It’s Drinks Week at Wordnik! In honor of Oktoberfest, National Bourbon Heritage Month, and National Coffee Day on Thursday, we’ll be featuring potable – some potent, some placid – words of the day, lists of the day, and blog posts.
The beverage du jour? Wine.
The word wine, “the fermented juice of the grape,” comes from the Latin vinum, meaning, well, “wine.” Vinum also gives us vine, as in where grapes grow, and vinous, “having the qualities of wine; pertaining to wine or its manufacture.” It gives us vintner, “one who deals in wine”; vino, an inferior wine; and wino, “a wine-drinking alcoholic.” It gives us vinegar, which comes from the Old French vinaigre, “sour wine,” what wine turns into when not stored properly.
Vinum gives us vintage, “the annual product of the grape-harvest, with especial reference to the wine obtained,” or “having an enduring appeal; high-quality, classic,” and vinyl. According to the Online Etymology Dictionary:
In chemistry, vinyl was used from 1863 as the name of a univalent radical derived from ethylene, from L. vinum “wine,” because ethyl alcohol is the ordinary alcohol present in wine.
The Latin vinum is related to the Greek word for wine, oinos. An oenophile is “a person who has a fondness for wine,” while oenology is “the art of making wine.” Viticulture (from the Latin vītis, “vine”) is the “culture or cultivation of the vine” or grapes (for all things grapes, check out this list).
A sommelier is “a wine steward; the person at an expensive restaurant who keeps the wine cellar and advises guests on a choice of wines.” The word comes not from a wine or vine word but from the French sommier, “beast of burden,” as the original meaning of sommelier was “officer in charge of provisions, pack-animal driver.”
Would you like to see a wine list? Would you prefer a red, such as a Merlot, claret, or Shiraz, or a white, like pinot, Chablis, or Chardonnay? Perhaps you’d like a vintage wine, or a varietal. Sparkling (such as champagne, spumante, or Crémant), or still? Maybe a wine that’s fortified (port, sherry, or vermouth); dessert (or stickies, as those from Australia or New Zealand might call them); or table (Burgundy, Chianti, or rose)? Or maybe you’re in the mood for something mixed (sangria, sillabub, kir). However, we wouldn’t recommend the plonk.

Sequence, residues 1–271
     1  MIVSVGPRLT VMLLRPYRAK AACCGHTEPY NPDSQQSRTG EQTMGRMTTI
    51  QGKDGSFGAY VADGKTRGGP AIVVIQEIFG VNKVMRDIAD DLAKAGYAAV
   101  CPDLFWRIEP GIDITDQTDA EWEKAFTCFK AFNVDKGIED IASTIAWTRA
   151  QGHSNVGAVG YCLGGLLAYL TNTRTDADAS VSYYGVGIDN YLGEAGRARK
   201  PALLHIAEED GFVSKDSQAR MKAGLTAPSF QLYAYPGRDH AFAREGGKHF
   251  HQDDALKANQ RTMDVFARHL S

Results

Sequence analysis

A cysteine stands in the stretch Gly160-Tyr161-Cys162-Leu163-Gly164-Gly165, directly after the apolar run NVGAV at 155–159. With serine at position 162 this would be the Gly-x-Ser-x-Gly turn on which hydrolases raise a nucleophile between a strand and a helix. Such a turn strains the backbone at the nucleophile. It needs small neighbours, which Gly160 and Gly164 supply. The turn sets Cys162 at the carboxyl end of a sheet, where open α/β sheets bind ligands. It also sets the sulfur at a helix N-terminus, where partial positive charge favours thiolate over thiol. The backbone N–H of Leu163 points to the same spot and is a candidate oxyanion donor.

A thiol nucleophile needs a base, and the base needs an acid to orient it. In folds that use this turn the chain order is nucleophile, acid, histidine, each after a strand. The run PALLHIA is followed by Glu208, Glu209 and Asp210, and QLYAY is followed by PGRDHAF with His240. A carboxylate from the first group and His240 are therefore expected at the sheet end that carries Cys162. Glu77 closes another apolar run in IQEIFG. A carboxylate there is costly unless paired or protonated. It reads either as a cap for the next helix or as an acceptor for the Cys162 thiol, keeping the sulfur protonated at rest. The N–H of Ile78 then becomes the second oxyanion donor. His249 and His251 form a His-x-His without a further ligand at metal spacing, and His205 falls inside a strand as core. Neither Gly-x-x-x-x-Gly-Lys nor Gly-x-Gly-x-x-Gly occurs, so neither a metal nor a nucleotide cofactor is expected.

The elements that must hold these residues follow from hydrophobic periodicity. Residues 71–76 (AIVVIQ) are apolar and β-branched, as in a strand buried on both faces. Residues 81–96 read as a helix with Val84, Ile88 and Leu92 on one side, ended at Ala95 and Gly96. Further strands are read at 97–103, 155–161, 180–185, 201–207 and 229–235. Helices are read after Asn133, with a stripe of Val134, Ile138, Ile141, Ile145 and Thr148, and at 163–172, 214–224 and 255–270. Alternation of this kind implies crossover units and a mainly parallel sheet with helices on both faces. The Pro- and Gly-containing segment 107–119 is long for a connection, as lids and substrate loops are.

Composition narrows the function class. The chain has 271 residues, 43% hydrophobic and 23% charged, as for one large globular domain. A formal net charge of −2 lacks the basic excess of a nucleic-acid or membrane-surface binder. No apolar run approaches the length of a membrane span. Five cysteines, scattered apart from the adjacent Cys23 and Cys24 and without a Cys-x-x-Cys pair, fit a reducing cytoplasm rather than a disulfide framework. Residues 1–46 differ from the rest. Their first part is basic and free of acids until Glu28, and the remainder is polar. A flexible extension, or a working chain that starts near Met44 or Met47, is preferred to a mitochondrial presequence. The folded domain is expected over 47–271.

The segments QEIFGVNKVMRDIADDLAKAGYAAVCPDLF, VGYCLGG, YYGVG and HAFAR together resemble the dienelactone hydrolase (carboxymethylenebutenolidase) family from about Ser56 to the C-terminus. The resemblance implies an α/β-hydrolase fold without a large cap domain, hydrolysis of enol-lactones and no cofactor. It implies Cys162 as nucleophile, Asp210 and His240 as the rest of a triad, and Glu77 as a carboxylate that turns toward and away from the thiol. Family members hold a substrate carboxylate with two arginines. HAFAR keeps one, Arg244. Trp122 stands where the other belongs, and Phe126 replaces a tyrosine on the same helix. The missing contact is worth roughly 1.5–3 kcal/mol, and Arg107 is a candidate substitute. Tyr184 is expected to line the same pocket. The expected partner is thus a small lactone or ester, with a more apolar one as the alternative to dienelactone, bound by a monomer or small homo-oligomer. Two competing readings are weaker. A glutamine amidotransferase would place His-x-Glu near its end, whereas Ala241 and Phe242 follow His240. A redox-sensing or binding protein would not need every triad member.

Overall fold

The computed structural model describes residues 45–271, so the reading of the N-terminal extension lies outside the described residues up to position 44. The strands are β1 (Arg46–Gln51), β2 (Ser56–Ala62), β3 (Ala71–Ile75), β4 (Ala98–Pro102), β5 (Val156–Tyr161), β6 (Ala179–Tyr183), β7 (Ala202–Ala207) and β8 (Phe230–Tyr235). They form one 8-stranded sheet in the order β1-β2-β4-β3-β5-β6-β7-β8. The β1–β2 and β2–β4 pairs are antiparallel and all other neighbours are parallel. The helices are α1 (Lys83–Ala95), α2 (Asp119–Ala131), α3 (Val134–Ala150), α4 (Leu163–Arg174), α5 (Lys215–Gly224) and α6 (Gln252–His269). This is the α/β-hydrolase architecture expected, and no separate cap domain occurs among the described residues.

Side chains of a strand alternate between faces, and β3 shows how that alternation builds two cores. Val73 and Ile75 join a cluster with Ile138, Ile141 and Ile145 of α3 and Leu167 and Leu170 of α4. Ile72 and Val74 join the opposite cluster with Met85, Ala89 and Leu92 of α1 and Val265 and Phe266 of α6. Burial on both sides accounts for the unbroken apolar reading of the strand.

If you decide to try your hand at winemaking, make sure you’re stocked up on barrels and these bottles or these. You might find beeswing, “a gauzy film in port and some other wines, indicative of age,” named for the appearance of the insect’s wings when broken up, or use isinglass, “a form of gelatine obtained from the air bladder of the sturgeon and certain other fish, used as an adhesive and as a clarifying agent for wine and beer.”
For even more vinous vignettes, check out Fritinancy’s posts on wine-naming rules and regulations; wine with a real bite; and wine that’s to die for. Wired Magazine tells us what’s inside a bottle of red, Slate explains why wine writers talk the way they do, and Textism pokes fun at wine-speak.
UPDATE: We got a couple of great emails from our readers, and we thought we’d share the interesting tidbits they provided.
If the volume of that space increases, (ie, the level of the wine in an upright bottle has fallen) that bottle is said to be “ullaged”. Excessive ullage, which is caused by leakage through the cork or synthetic closure and compensatory influx of air, is harmful to the wine. When a bottle of wine is opened it is said to be “on ullage” and therefore ready for the pouring of a drink. Different principles apply to sherry.
And from “Noël”:
As I was born in a winegrower’s family, I would like to give you an extra item concerning the french word «ouillage»: this action is particularly meant to avoid oxydation of the wine in a cask buy the layer of air which is upon the surface of the wine. Oxydation most often makes elements of flavour get lost.
I had to achieve this task so many times during my education in my parent’s cellar… while my school mates swept after the girls…
Keep your cups handy for tomorrow’s post – the way of tea.